The film takes place entirely from the view of a computer screen, and the narrative flows just as if the viewer was operating keyboard and maneuvering the mouse. While this isn’t the first time this style of filmmaking has been attempted, it is one of the best titles to do so to date. Searching is about a 16-year-old girl going missing and her father’s attempts to find her by breaking into her laptop. This leads him on an eye-opening experience that truly shows the more distant you are from your kids the better chances terrible things can happen, especially online.[1]

Unfriended: Dark Web (2018)

Unfriended: Dark Web (2018)

Unfriended: Dark Web goes out of its way to prove the internet is dark and full of terrors. This film is another movie that takes place entirely on a computer screen. This time it focuses on friends having game night via webcams. Then everything starts to get out of control when the laptop one of them finds at coffee shop ends up having some disturbing things on it. And when the previous owner attempts to get it back, an evil organization that operates on the dark web is revealed. Their evil deeds include kidnapping, torture and drilling holes in peoples heads for large sums of money via cryptocurrency.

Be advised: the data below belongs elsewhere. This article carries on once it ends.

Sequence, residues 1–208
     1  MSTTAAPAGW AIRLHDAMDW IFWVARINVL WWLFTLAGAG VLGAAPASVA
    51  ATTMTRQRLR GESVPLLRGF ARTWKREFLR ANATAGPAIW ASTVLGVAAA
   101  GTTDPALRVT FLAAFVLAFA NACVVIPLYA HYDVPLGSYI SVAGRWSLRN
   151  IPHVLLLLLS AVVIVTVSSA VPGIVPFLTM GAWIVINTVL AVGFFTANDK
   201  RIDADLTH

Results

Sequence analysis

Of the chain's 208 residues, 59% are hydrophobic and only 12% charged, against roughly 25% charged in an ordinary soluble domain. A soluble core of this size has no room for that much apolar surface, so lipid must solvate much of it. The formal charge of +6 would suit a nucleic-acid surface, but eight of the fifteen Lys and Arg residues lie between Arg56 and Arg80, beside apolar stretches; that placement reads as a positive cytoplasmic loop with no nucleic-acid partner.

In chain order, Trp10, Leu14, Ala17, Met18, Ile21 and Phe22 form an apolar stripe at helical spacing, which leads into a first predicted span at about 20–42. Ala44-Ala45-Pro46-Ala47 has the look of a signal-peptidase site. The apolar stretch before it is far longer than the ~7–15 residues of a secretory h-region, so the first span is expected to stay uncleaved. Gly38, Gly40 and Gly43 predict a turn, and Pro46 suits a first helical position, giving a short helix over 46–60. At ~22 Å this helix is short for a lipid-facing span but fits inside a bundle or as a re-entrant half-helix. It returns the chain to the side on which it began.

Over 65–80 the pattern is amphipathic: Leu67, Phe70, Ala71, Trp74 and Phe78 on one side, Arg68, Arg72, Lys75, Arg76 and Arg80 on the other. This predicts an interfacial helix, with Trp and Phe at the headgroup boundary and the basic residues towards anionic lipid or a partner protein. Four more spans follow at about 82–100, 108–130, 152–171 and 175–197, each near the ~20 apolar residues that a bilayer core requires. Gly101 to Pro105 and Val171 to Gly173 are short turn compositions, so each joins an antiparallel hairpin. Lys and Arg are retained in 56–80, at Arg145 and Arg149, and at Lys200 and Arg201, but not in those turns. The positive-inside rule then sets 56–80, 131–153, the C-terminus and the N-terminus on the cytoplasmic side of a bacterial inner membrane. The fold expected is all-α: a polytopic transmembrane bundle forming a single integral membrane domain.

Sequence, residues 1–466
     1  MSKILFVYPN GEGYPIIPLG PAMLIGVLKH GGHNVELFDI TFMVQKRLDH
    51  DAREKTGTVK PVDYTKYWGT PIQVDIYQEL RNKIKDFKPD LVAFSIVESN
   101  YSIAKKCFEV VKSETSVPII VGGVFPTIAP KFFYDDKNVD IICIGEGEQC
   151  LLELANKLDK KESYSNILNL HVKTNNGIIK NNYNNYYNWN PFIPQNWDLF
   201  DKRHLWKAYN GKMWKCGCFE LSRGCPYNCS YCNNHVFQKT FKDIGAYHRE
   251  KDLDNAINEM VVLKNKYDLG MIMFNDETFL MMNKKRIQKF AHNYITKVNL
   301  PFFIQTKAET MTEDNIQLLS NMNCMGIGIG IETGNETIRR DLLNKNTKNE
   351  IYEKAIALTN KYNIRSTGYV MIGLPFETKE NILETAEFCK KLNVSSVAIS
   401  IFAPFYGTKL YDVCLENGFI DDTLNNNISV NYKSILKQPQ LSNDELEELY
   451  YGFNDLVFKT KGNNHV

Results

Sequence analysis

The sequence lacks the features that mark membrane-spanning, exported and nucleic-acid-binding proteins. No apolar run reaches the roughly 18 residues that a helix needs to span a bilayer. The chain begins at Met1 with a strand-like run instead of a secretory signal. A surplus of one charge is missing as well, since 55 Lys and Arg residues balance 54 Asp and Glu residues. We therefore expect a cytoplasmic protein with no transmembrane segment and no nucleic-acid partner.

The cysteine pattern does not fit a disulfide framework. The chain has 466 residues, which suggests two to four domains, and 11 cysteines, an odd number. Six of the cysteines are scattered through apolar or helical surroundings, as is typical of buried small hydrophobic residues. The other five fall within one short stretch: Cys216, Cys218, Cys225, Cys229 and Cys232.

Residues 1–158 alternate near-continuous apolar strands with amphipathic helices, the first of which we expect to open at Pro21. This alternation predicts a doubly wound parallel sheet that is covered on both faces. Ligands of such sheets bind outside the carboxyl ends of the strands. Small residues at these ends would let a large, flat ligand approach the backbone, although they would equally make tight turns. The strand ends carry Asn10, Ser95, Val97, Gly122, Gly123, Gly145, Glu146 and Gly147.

The group is hacked, and their darkest fears are exploited. Their entire lives exist online, making it easy for these web dwelling psychopaths to terrorize the unsuspecting millennials. Most of the situations that these individuals go to at the hands of their online tormentors would seem like impossible ideas on paper but when seen play out in real time can really terrify you with the idea of what one is capable when they have hacked your life. And the even scarier part is what if that individual is a deranged killer.[2]

Ratter (2015)